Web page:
AVwebFlash - Volume 14, Number 11a

March 10, 2008

By The AVweb Editorial Staff
 
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AVweb Exclusive back to top 
 

Taylorcraft Repossessed: Strut Customers Contacted

Taylorcraft Aviation LLC has been repossessed by its previous owners and that has affected an undetermined number of customers who had paid $3,500 for new lift struts but haven’t received them yet. J. Scot Ruffner, who is managing the repossession of the Brownsville, Texas, company for the former owner, Taylorcraft 2000 LLC, told AVweb he’s trying to contact everyone who paid for a set of struts before the Feb. 21 repossession date so they can figure out where to go from here. “Anyone out there who has paid for a set of struts and has not been contacted by me should call me right away (561-547-7931) so we can get an accurate picture [of how many are affected],” Ruffner said. Installation of the new, sealed struts eliminates the inspection requirements of an airworthiness directive (AD) issued last year to address corrosion issues in the original struts.

Taylorcraft Aviation had taken a number of orders for the struts but hadn’t filled any prior to the repossession. The new/old owners have built 13 sets of struts but they need final FAA approval before they can be shipped. Ruffner said that once they know how many unfulfilled orders are out there they can determine how to proceed and they’re trying to do the right thing. “There’s nothing we’d like better than to make good on all those orders,” he said, but he stressed that the viability of the company has to be considered in those discussions. Meanwhile, the type certificates, drawings, jigs, templates and everything else associated with the design that many consider the first and one of the best popular GA aircraft are for sale again and the owners are anxious to see it go to a viable home.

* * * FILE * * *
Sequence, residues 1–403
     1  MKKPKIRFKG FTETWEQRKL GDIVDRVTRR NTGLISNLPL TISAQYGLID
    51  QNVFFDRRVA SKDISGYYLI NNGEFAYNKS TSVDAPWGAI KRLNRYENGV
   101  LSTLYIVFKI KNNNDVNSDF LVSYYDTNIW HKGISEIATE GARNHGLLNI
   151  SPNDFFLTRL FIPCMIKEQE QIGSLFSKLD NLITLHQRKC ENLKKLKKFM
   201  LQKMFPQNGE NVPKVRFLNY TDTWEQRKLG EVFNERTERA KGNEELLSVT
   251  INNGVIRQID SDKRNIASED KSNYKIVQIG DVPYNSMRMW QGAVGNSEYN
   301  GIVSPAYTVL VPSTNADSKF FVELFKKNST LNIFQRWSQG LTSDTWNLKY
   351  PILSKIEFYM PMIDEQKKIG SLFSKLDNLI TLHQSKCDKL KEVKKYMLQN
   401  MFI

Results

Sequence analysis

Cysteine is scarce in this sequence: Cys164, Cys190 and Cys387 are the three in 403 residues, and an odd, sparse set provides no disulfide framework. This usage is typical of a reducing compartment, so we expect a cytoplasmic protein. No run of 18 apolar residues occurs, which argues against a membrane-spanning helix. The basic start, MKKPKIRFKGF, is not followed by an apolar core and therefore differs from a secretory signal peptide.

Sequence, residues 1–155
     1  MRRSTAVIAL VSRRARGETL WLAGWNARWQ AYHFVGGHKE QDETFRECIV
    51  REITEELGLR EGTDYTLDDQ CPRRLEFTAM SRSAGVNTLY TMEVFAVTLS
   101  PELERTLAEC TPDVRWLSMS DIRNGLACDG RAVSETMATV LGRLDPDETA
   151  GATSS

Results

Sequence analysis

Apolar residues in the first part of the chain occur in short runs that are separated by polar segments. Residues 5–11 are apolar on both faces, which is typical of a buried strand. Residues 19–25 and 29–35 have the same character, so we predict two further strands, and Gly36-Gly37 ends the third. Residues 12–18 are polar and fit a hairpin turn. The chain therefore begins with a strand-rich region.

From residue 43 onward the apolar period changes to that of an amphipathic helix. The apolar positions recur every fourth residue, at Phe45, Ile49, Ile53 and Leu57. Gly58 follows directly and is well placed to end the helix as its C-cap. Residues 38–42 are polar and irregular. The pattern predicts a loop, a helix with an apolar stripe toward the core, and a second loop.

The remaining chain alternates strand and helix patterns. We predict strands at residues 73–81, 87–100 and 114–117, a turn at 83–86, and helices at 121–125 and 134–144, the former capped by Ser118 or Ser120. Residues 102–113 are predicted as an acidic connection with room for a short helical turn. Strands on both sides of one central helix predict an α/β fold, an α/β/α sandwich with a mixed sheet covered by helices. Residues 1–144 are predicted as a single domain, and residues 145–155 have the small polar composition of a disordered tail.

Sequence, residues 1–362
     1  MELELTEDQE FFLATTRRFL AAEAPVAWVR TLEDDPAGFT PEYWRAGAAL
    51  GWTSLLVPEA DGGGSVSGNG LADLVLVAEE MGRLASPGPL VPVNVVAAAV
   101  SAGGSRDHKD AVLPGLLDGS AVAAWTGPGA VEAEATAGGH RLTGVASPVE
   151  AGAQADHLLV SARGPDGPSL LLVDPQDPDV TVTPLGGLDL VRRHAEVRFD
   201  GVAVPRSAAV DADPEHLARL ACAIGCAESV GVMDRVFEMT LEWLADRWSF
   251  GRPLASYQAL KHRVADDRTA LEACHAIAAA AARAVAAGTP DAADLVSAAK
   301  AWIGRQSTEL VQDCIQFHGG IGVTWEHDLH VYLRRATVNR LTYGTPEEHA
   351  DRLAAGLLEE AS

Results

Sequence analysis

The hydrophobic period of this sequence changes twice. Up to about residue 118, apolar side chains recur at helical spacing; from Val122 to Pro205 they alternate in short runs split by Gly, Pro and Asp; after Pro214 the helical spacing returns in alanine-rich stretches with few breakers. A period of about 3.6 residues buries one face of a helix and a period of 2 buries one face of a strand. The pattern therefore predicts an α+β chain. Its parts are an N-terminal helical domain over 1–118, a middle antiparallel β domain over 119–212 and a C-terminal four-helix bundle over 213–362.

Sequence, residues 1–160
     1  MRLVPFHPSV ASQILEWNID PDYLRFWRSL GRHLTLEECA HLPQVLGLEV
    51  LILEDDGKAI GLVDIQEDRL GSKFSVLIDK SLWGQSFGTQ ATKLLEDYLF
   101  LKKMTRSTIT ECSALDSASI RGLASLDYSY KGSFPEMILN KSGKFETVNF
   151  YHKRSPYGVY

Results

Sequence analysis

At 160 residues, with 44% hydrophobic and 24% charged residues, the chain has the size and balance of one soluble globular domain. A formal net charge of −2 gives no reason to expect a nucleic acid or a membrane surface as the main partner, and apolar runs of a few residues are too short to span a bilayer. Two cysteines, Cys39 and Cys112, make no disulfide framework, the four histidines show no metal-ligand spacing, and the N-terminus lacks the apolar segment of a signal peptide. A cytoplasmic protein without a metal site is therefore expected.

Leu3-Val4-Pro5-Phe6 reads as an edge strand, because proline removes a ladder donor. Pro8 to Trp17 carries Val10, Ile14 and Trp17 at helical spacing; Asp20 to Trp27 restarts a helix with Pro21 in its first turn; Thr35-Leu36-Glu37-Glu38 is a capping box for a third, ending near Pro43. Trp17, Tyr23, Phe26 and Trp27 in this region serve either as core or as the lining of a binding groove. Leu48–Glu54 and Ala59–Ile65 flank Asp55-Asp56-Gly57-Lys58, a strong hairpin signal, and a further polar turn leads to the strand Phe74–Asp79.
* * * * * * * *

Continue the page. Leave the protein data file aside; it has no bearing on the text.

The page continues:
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Top News back to top 
 

ADS-B Wins Collier Trophy

And the winner is ... a work in progress. The National Aeronautic Association held its annual awards luncheon Thursday and, while historically the winner of the Collier Trophy is a person or an airplane, this year it was largely a concept. Automatic Dependent Surveillance-Broadcast (ADS-B) was the winner of the award generally recognized as the epitome of aviation innovation and excellence. However, as a functioning tool in the grand aviation scheme, ADS-B is in its infancy and, as the cornerstone of the FAA’s NextGen airspace management system, the jury is still out on just how its implementation will play out over the next few decades. "Like all of aviation, things are changing. Processes and projects are becoming worthy of nomination," said NAA President Jonathan Gaffney.

For the record, the Collier Trophy is awarded for “the greatest achievement in aeronautics or astronautics in America, with respect to improving the performance, efficiency, and safety of air or space vehicles, the value of which has been thoroughly demonstrated by actual use during the preceding year,” according to the NAA Web site. Other nominees may have more closely resembled those criteria. The other nominees included the Dassault Aviation Falcon 7X -- "the world's first civil aircraft to be designed in a totally virtual environment"; Commercial Aviation Safety Team -- "dramatically improving the safety of commercial aviation and saving lives in the US and around the world"; Epic Air Team VLJ -- "delivering from clean-sheet to flight their vision of a high performance, cutting edge VLJ in six months"; Airbus A380 -- "benchmark improvements in performance, efficiency, safety and environmental impact for new aircraft design"; and SBIRS/HEO Test and On-Orbit Operations Team -- "extraordinary achievement in space vehicle performance and efficiency."